Even with back-to-back first-round dismissals in their first two playoff runs at the Consol Energy Center, the Pittsburgh Penguins did not take long to stir up some zest in their new home arena in June.
In the midst of hosting the 2012 NHL entry draft, Pittsburgh did virtually everything right for its future over the weekend, but particularly on Friday night.
They started by dealing pricey pivot Jordan Staal to the Carolina Hurricanes.
By shedding some of their surplus offense, they cleared out $4 million worth of cap space, bringing their total to $14,666,667. And they brought in two established prospects in Brian Dumoulin and Brandon Sutter as well as Friday’s eighth overall pick.
All of that alone makes the Penguins one of the topmost winners of the 2012 draft. The Boston Bruins, Dallas Stars, Montreal Canadiens, Philadelphia Flyers and Washington Capitals are just a few others who made multiple moves that ought to work in their short- and/or long-term favor.
But for the sake of narrowing things down, the following slides will highlight three teams to be dubbed winners and and two losers of the weekend, as well as a few individual players whose selection surprised.
If the Islanders are to recapture their relevance before this calendar decade is up, they are going to need to a revamped blue line brigade to complement John Tavares and their multitude of under-25 scorers.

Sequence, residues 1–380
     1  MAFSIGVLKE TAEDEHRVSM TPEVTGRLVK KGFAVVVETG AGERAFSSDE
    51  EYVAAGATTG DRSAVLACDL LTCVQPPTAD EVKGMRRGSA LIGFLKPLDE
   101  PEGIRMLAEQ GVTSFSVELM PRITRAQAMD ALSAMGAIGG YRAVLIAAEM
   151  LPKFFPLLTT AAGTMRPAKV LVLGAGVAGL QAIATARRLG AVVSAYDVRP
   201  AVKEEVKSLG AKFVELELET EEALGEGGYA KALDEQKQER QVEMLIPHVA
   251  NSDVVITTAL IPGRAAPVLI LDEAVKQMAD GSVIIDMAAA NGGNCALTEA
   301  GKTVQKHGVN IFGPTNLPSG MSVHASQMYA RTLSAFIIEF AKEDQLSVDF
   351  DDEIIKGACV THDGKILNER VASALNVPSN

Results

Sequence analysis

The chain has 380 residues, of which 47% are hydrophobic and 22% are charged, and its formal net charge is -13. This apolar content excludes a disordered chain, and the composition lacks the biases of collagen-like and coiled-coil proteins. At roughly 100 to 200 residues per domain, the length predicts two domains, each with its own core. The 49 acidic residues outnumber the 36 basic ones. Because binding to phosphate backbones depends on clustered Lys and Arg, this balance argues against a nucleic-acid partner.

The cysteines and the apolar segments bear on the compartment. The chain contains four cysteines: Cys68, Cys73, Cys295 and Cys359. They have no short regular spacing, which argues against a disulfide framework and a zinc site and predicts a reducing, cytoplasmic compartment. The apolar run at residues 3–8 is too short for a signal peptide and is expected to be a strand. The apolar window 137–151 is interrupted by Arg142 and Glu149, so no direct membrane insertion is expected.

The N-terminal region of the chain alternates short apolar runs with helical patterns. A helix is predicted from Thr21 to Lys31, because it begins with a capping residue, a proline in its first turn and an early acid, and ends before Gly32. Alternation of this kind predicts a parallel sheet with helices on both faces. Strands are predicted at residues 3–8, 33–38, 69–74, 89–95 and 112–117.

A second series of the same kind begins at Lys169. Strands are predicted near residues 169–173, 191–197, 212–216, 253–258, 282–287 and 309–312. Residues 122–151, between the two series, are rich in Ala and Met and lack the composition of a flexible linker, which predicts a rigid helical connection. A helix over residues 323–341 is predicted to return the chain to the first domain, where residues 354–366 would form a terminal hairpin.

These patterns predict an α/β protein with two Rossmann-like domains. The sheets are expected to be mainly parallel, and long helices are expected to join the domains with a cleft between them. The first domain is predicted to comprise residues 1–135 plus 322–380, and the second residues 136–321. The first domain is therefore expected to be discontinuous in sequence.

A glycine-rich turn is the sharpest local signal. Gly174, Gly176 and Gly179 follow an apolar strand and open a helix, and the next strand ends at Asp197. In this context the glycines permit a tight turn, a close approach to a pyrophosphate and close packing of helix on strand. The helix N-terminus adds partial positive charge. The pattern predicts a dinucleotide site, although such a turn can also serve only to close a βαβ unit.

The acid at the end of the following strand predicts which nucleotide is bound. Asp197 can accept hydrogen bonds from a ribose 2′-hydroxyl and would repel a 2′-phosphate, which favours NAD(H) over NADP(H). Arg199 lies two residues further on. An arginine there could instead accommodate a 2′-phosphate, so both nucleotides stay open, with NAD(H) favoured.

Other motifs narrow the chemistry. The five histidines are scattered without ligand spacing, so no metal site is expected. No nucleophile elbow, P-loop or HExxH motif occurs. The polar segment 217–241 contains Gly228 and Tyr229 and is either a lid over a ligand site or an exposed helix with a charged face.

They addressed that need for the short-term and long-term future on Friday and Saturday, respectively. In the first round, the Isles shrewdly dipped into the deep pool of defensemen to claim Griffin Reinhart with the fourth overall pick and also traded for veteran Anaheim rearguard Lubomir Visnovsky.
It would have been nice if they went for a goalie while they were at it, but overall, the positives clouded the pimples this weekend.
Another defensively-challenged team, the Jackets one-upped the Isles in that they nabbed their share of defensive as well as goaltending prospects over the weekend. They were the first to collect a defenseman with Ryan Murray going second overall and then reached overseas for a couple of promising Scandinavian stoppers.
Columbus rounded out the variety pack with the fourth pick of the fourth round, nabbing the rights to Josh Anderson from the powerhouse London Knights.
A later-round pick to watch for down the road is Ryan Rupert, who went in the sixth round at 157th overall.
Despite his 5'8" stature, Rupert is a decent contributor on the embarrassingly deep London Knights team, but saturates the scoresheet even further with his team-leading 120 penalty minutes.
Considering the model he follows, his late-round selection by the Leafs makes sense when the boss is Brian Burke.
Burke polished off his business trip to Pittsburgh by shoring up his strike force for the here and now. In exchange for Luke Schenn, he imported towering Flyers forward James van Riemsdyk, who will have a chance to blossom and play a bigger role in Toronto after coming from the most explosive offense in the NHL.